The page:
Wood stoves are basically freestanding fireplaces that are used to generate indoor heat. Operating on similar principles, wood stoves burn fuel to create heat and carry smoke outside a building using a flue system. They do not, however, require a full chimney and can be placed anywhere the flue can be properly installed for ventilation.
Types of Wood Stoves
There are a number of different types of wood stoves in operation today. There are two primary types of wood burning stoves sold that meet U.S. Environmental Protection Agency standards. Regulations on wood stoves call for a limiting on emissions to 7.5 grams of smoke per hour. The two main models of wood stoves meet these limits. They are:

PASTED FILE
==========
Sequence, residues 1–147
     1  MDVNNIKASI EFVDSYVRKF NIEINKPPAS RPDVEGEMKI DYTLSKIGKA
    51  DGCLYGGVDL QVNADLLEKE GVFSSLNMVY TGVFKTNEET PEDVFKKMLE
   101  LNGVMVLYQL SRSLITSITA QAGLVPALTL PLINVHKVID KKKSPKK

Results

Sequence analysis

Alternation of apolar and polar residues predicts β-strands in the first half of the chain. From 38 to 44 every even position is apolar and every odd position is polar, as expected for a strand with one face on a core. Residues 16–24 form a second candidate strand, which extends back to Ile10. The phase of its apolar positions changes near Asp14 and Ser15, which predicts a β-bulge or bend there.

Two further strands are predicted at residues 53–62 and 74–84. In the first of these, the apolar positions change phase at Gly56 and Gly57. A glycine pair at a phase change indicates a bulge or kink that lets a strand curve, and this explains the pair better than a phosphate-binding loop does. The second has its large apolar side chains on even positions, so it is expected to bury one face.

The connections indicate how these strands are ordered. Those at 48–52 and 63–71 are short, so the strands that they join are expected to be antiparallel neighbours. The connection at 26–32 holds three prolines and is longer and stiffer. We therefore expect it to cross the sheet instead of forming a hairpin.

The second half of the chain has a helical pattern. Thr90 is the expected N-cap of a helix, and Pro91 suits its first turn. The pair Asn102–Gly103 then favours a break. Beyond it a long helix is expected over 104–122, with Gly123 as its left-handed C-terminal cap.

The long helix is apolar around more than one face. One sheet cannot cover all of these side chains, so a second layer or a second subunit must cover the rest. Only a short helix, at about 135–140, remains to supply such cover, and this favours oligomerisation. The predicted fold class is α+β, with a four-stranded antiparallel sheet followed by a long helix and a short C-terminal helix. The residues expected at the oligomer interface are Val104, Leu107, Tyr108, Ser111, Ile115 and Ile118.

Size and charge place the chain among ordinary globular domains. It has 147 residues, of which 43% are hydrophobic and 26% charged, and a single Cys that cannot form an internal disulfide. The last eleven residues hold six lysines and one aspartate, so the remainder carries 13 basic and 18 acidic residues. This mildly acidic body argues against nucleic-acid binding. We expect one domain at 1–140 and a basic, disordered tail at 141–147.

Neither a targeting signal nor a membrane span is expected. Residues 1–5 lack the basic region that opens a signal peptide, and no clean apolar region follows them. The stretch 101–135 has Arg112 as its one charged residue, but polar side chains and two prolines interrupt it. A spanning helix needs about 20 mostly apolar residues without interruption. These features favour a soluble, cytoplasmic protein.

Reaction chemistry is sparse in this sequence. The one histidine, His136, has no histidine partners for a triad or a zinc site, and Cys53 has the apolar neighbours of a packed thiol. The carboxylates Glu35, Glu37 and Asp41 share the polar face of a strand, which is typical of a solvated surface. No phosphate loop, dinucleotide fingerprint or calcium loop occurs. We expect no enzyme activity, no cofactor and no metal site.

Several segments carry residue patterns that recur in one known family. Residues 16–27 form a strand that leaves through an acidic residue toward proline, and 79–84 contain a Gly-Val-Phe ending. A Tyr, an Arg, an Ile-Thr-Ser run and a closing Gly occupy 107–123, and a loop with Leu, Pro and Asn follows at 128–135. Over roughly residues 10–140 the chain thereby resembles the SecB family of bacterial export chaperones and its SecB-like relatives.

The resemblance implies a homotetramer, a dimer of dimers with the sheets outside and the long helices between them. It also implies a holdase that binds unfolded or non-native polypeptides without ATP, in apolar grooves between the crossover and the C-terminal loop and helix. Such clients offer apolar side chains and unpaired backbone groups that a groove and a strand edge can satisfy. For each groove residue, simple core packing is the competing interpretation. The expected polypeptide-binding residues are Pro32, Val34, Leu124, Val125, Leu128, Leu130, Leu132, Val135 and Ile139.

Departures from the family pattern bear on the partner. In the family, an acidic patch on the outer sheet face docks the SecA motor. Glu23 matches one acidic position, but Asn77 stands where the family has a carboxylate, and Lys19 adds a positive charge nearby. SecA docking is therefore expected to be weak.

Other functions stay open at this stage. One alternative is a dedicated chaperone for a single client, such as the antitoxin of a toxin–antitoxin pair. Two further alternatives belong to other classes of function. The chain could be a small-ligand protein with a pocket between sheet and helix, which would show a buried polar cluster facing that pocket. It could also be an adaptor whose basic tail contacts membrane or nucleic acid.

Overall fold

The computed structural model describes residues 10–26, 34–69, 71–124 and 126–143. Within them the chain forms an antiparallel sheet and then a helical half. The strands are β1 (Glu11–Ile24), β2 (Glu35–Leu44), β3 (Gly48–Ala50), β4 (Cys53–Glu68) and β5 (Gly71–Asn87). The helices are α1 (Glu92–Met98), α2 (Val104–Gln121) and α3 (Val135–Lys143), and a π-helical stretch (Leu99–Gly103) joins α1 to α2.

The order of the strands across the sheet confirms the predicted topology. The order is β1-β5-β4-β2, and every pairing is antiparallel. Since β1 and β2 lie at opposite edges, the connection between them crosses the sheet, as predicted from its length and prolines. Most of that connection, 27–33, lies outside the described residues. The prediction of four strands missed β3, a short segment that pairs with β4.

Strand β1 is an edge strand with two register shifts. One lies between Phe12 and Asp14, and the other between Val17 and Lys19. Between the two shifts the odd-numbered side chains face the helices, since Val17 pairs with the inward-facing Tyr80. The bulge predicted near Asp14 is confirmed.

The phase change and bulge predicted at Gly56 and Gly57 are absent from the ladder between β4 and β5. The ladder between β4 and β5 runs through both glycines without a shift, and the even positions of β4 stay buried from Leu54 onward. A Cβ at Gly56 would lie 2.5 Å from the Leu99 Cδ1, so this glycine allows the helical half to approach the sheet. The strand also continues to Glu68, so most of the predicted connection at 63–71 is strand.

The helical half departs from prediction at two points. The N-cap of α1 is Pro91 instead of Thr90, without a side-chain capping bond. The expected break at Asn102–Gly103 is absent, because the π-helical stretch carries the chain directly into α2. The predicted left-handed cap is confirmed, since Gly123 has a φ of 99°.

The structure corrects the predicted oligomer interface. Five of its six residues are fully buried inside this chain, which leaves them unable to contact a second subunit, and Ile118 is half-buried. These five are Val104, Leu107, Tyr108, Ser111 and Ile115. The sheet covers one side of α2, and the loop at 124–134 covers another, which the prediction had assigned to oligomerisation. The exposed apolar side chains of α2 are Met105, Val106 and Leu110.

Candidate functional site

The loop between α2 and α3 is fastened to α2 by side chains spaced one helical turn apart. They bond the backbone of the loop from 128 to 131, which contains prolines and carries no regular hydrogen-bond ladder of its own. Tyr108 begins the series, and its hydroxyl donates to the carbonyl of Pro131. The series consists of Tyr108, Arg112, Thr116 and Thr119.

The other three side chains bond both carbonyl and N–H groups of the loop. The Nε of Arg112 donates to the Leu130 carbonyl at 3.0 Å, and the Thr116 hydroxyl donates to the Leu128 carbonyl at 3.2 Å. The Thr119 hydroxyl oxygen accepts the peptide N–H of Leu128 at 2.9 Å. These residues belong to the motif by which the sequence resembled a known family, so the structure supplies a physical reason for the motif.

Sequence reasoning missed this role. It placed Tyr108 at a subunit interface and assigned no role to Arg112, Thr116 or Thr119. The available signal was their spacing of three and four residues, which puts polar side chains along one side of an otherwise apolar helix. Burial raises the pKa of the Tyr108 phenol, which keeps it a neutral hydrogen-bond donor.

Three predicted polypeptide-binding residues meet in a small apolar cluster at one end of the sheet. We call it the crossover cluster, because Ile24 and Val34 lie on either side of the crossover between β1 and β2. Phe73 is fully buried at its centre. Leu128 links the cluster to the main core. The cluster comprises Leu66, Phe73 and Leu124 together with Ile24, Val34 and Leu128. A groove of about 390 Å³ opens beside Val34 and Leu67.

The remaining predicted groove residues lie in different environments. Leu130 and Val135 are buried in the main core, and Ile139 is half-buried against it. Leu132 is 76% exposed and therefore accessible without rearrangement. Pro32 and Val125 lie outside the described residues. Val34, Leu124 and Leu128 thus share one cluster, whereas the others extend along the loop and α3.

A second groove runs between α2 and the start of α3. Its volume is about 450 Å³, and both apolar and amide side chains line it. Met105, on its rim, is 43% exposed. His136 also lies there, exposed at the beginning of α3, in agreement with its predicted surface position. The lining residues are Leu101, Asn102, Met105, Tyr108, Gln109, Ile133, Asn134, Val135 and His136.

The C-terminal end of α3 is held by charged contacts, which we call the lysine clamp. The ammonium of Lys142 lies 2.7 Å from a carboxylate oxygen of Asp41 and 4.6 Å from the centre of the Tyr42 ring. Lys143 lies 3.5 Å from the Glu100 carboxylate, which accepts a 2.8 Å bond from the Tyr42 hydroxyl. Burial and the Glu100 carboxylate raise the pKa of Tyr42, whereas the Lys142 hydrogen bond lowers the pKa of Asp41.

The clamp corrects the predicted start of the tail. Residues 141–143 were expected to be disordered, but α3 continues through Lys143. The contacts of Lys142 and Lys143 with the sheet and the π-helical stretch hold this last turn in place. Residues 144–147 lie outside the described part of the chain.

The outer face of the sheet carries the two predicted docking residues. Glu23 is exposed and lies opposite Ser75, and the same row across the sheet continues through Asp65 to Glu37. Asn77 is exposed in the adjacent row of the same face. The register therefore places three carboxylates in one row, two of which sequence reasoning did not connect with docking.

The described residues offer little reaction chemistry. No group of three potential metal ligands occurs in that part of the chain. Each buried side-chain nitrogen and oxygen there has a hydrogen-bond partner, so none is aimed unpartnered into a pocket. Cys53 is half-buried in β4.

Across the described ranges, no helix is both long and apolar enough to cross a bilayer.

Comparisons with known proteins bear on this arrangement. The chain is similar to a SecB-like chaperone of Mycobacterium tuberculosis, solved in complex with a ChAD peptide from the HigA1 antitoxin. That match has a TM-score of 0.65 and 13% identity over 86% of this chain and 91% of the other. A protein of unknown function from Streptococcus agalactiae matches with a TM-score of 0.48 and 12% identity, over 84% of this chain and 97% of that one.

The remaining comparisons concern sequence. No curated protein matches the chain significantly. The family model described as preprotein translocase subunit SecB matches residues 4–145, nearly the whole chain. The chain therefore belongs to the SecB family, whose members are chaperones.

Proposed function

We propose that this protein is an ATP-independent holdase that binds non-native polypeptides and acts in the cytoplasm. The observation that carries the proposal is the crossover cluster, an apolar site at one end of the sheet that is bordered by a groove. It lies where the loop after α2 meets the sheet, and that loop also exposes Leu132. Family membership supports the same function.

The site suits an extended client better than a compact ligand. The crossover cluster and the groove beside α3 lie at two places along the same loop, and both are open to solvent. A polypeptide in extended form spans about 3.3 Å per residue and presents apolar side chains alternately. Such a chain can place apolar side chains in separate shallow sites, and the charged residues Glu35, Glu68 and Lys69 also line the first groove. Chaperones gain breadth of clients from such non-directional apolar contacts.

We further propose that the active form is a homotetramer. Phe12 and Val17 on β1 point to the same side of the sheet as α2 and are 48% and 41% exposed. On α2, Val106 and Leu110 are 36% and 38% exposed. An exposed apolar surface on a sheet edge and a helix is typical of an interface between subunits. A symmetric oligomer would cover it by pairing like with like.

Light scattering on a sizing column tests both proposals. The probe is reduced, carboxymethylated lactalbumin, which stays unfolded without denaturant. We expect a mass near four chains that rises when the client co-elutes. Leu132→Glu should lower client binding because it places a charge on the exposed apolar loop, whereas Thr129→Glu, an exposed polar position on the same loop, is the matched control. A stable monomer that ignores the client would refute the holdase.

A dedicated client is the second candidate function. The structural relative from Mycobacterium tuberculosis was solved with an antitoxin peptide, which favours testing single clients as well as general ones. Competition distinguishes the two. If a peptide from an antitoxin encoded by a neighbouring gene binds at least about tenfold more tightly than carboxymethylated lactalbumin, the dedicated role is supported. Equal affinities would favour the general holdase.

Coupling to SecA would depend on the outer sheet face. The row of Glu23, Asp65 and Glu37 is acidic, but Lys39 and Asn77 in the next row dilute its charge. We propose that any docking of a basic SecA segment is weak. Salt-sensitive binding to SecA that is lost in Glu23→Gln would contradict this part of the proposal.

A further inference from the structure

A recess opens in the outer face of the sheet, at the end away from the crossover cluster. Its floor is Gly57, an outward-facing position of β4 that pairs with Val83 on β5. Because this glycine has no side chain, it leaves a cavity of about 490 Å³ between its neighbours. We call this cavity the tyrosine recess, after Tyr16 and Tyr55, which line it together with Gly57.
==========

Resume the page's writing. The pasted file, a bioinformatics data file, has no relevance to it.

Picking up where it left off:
- Catalytic wood stoves, which are known for offering even heat output over a long period of time. These woodburning stove models use a catalytic honeycomb in their design and have a catalyst bypass damper. This must be opened for starting these woodburning stoves.
- Non-catalytic wood stoves, which have a less even heat output, but do serve aesthetic purposes quite well.
Why Newer Woodburning Stoves are Better
Newer wood stoves are considered superior to older models for a number of reasons. Woodburning stove models made after the 1980s are known for greater efficiency and lower emissions. They also tend to operate much easier than older pot-bellied wood stoves.